The Greeks were the first civilized people to use reason to systematically analyze the natural world around them, as opposed to thinking that natural events and things resulted from, and were subject to, the whims of the gods. They developed a system of thought and scientific investigation that they called Natural Law. They examined the natural world and its properties, and classified things into categories. This included the study of man. According to Aristotle, man's existence is limited and n The Greeks were the first civilized people to use reason to systematically analyze the natural world around them, as opposed to thinking that natural events and things resulted from, and were subject to, the whims of the gods. They developed a system of thought and scientific investigation that they called Natural Law. They examined the natural world and its properties, and classified things into categories. This included the study of man. According to Aristotle, man's existence is limited and not necessary. According to Plato, however, man's existence is eternal and necessary; man has simply degraded from this original form; we are supposed to transcend and work our way back to our original, perfect, eternal selves. In political thought, both Aristotle and Plato favored the aristocratic, oligarchical rule of the "polis," the city-state, where individual aspirations and endeavors are subjugated to the needs of the state, in this case, the polis; the "good" is not to be pursued by the individual, and the individual has no rights. Rather, virtue and the good life is to be found in the context of the polis. This statist view led to a feeling of contempt for innovation, entrepreneurship, labor and trade for profit. Hesiod, an early Greek poet, was the first "economist," as one of his poems, Works and Days, focuses on the problem of how humans use scarce resources towards abundant ends; labor, Material, and time must be allocated efficiently and harmoniously through the just application of laws. Other pre-Socratic theorists include Pythagorus and Democritus who founded "subjective value theory," i.e. wealth is a subjective value, although an over-abundant good is necessarily less valued. He also defended the idea of private property because it provides an incentive for work. Plato, Rothbard argues, favored in his Republic a "right-wing collectivist utopia." That is, the two ruling classes, the philosopher-kings and the soldiers were to live under absolute communism, sharing property, women, children, and meals, because private property corrupts virtue. The state would also be totalitarian where freedom of speech and the arts are suppressed. He proposed the idea of division of labor, although he ranked hierarchically the individual occupations, with laborers at the bottom. He denounced the use of gold and silver as money. Zenophon wrote on household management. One of his ideas was that an increase in supply of a commodity leads to a decrease in price. Aristotle was in favor of private property, and this idea heavily influenced the middle ages as it considered itself Aristotelian. He also denounced the "communism of the ruling class called for by Plato" because private property is more productive and leads to progress. Plato argued that communism would lead to peace, whereas Aristotle argued that it would lead to conflict. Aristotle also provided the concept that only private property allows people to behave morally because it allows for philanthropy and benevolence. He opposed the accumulation of wealth, however, & charging interest. After Greek society was absorbed by Rome, economic thought was consumed by the ideas of dealing with scarcity by accepting fate and curbing desires, ie. stoicism, cynicism, epicureanism. The stoics developed the concept of natural law (just law discovered by man's reason) that focused on the individual and on states everywhere rather than the Greek polis. Via mainly Cicero, the anti-statist stoic doctrine of natural laws influence Roman law, which touted property rights, which in turn influenced English common law and the civil law of the continent. In China the legalists were statists, the Taoists libertarians (no interference by state), and Confucions middle of the road. Private property rights and the idea of laissez-faire came to the west via the Theodosian code and the Corpus Juris Civilis of Justinian - a "just price" is any price freely arrived at by buyer and seller. "Canon Law" was the law governing the church. During early middle ages canon law incorporated Roman law but also the capitularies of the Carolingian empire which fixed "fair prices" (prices commonly charged) & prohibited usury. In the high middle ages, the University of Bologna published the Decretum (collection of canon law)which took an anti-merchant position. Later, a more favorable view of private property and merchants grew. "Thomism, in contrast, demonstrated that the laws of nature, including the nature of mankind, provided the means for man's reason to discover a rational ethics." Late 13th century scholastics: Franciscans and utility theory: Pierre de Jean Olivi said value is determined by scarcity (supply), usefulness, and desirability (subjective utility). Utility is relative to supply and not absolute. Value of a good is determined by its marginal utility. Olivi also brought into economic thought the concept of capital (a fund of money invested in a business venture).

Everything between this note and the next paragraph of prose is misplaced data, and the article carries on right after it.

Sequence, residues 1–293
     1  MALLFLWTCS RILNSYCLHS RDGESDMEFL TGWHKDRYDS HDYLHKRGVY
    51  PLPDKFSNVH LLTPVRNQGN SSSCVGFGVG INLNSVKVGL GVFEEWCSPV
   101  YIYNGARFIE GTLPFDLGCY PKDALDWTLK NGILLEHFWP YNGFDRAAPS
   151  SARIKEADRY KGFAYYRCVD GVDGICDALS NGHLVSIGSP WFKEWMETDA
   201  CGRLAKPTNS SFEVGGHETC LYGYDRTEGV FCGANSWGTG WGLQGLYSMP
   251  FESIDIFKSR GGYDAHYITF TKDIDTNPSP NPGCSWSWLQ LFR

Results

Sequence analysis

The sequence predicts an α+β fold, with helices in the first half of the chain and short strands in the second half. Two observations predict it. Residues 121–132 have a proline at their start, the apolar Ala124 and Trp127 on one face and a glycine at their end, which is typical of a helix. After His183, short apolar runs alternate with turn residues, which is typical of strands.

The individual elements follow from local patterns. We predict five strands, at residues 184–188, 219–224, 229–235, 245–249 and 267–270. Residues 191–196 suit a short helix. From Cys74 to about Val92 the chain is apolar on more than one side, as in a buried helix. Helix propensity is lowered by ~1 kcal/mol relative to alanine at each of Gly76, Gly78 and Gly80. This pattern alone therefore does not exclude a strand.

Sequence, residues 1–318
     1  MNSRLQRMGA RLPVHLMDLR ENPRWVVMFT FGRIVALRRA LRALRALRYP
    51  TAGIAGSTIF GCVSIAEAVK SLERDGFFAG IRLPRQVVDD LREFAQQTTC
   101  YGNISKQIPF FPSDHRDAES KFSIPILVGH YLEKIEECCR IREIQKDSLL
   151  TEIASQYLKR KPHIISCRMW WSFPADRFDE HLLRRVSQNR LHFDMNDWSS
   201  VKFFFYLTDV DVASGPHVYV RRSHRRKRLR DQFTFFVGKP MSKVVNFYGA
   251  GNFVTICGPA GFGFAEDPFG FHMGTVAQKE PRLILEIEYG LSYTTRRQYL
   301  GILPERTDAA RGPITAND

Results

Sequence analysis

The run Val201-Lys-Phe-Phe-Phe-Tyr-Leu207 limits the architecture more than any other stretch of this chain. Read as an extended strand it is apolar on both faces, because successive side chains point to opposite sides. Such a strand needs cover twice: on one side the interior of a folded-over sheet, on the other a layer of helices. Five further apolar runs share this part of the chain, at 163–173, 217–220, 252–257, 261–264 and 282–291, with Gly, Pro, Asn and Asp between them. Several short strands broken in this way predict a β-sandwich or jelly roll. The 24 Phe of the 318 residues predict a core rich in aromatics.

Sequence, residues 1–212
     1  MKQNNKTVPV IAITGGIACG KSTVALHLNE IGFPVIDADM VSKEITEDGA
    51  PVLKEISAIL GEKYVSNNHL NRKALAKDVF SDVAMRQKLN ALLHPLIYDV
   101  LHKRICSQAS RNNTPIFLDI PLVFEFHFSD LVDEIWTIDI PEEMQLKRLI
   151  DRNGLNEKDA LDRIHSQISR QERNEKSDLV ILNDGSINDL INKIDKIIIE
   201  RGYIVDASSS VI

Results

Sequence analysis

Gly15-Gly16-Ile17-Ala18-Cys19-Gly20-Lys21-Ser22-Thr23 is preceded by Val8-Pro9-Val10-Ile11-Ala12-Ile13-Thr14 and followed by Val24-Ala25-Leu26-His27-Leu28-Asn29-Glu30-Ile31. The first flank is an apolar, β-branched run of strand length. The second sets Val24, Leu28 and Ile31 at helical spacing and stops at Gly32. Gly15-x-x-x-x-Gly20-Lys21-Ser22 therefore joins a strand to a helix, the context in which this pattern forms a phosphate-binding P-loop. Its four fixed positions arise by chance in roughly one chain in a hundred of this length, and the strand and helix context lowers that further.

6. 4 out of 5